In order to move toward such a comprehensive chemicals policy, we believe that Dollar General should make a concrete commitment to: increasing the types of products covered by its policy beyond just private cleaning and beauty/personal care supplies; broadening its chemical phase outs to surpass Dollar Tree’s commitment to phase out 17 chemicals; making public its timeline and the metrics it will use to assess supplier progress; and regularly sharing reports on progress against the metrics with shareholders and consumers. The company’s initial policy, with its restricted chemical list, is an important first step, but Dollar General still lags behind the actions taken by retailers such as Dollar Tree/Family Dollar and Target.
CHS would similarly like to see Dollar General make a stronger commitment to supporting health and local economic development in the communities where it operates by agreeing to stock fresh, locally-grown produce and other healthy food products in its stores in Albuquerque, NM, as requested by community and health organizations there. An initial, successful initiative to provide such food options in Albuquerque would provide important lessons that could lead to a broader program nationwide.
Millions of people living in the U.S. live in communities that lack adequate access to healthy and fresh foods, communities where a dollar store is the closest, most convenient shopping option -- and often the only option.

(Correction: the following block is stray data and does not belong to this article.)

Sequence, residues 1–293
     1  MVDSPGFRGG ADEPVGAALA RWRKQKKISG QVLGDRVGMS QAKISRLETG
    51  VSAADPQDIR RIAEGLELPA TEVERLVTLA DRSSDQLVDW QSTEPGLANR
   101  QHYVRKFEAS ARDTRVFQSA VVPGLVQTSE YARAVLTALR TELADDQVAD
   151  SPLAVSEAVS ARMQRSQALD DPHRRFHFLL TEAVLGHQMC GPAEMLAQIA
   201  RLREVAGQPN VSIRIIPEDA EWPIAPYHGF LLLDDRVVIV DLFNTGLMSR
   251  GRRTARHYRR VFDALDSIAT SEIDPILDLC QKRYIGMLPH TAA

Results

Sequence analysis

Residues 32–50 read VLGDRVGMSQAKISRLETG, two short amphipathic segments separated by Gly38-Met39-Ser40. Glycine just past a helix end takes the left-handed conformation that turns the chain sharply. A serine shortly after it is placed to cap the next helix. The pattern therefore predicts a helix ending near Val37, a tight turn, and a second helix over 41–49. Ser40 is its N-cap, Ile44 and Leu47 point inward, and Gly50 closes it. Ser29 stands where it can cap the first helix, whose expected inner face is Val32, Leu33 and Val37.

In part due to the coronavirus pandemic, business is booming for Dollar General. As of the end of February, Dollar General operates more than 16,000 stores in 45 states. At its annual shareholders meeting, the discount retailer announced that it had hired more than 50,000 people since March, and earned a net sales increase of 27.6 percent in the first quarter and an operating profit increase of 69.2 percent, clearly indicating the company is benefitting from people tightening their belts and shopping at discount retailers more often during the coronavirus pandemic. As Dollar General’s stock price and profits soar, the company is in the position to get safer products on its shelves, and provide healthy, locally-grown fresh foods and other products.
The Campaign for Healthier Solutions, launched in February 2015 by Coming Clean and the Environmental Justice Health Alliance for Chemical Policy Reform, is made up of more than 100 diverse environmental justice, medical, public health, community, women’s and other organizations. CHS works to challenge discount retailers, including Dollar Tree/Family Dollar, Dollar General and 99 Cents Only Stores to follow Target, Staples and other retailers in adopting corporate policies to identify and remove harmful chemicals from their stores. Our members have been shareholders in Dollar General since 2017.
In the fourth annual Report Card on Retailer Actions to Eliminate Toxic Chemicals, which CHS and the Mind the Store campaign collaborated on to grade dollar store chains, Dollar General received a “D” grade, an upgrade from “F” in 2017 and 2018. Released in November, the report said the discount retailer could improve its standing by, among other things, further expanding the toxic chemicals it bans from its products to include polyfluoroalkyl substances (PFAS), toxic flame retardants and phthalates, by removing toxic food additives and by signing on to the Chemical Footprint Project, a program dedicated to reducing the use of chemicals of high concern.